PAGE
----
Our latest book is titled Divided We Stand: The 2020 Elections and American Politics. Among other things, it discusses state and congressional elections. It also discusses the state of the parties. The state of the GOP is not good. Cases in point: Kevin McCarthy and Elise Stefanik.
Bill Thomas was Kevin McCarthy's mentor. Robert Draper at The New Yorker:
At WP, Ruby Cramer writes about Elise Stefanik:
“The Kevin who is now, at this time, in the House isn’t the Kevin I worked with. At least from outward appearances. You never know what’s inside, really,” Thomas said. “Kevin basically is whatever you want him to be. He lies. He’ll change the lie if necessary. How can anyone trust his word?” He went on, “At some point, you have to look at where you started and how you got to where you are, and I would ask you, How do you feel about yourself? I know what his answer would be, but it wouldn’t be the truth.” What would the answer be? I asked. “It was all worth it.”
It is true that Elise Stefanik has changed.
She set aside the posture of a moderate politician and pursued new ambitions inside Trump’s world. She set aside some of her optimism about the potential of politics and replaced it with the language of a hardened partisan warrior. In the halls of Congress, where she was once celebrated in magazines as the face of a more transparent, collaborative government, she now operates from a place of distrust, poised for a fight with the reporters she believes have or will attack her “in vicious, vicious ways.” The more effective she felt she was, the more she felt attacked. And the more attacked she felt, the further the change took hold. “The smears and the meltdown of the media,” she said, “sort of began this chapter.”
The change, and her path to “this chapter,” is what put her at the top of Republican leadership in Congress, where she will serve a second term as House conference chair, the No. 4 role in the GOP majority, climbing where others couldn’t survive in a party defined by its loyalty to one man. In January, when Nancy Pelosi (D-Calif.) steps down as speaker, Stefanik will become the most powerful woman in the nation’s legislative branch.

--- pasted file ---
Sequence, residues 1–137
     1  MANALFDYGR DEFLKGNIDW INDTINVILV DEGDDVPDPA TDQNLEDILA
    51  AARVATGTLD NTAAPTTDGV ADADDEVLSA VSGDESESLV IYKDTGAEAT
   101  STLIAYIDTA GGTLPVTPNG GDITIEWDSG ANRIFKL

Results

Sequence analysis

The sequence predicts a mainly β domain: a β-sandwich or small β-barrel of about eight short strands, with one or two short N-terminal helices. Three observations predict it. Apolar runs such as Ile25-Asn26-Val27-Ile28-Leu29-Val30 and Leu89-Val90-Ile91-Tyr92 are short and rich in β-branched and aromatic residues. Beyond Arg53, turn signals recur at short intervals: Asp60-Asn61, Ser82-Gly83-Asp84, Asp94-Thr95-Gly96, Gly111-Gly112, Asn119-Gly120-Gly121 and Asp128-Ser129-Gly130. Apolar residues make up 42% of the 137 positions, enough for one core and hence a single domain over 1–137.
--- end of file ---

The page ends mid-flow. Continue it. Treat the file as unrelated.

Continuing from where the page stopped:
It is also true that the change has come at a personal cost. Behind the “moderate to MAGA” shorthand, a human transformation has taken place, too. Stefanik has lost friendships. She has lost ties to institutions that once mattered dearly to her. And she has responded in kind by making her world smaller and more insulated. She keeps her family life closely guarded and her inner-circle small: Outside her congressional offices, she has a set of male political advisers who have helped shape the scorched-earth language she wields with audiences she perceives as unfriendly. In the lingo of Stefanik’s orbit, someone is always “dude,” attacks are always “nasty” and the media is always “shameless.” On a scale of bad to worse, or, as they like to say, “a wipeout” to “a disaster,” someone can be “spiraling,” “imploding” or “combusting,” in that order. During our 40-minute phone call in November, Stefanik used the word “vicious” eight times to describe Democrats and the media. Reporters who sit down with her are advised not to show weakness; it will only bring out her one-word answers. In place of the openness she often once presented, Stefanik has developed a thick armor, smooth and hard, with no grooves or edges there to hold.
The week after we talked about the Instagram posts, I checked her page again. Where the old stories had been, there was now a blank space. Stefanik had deleted them all.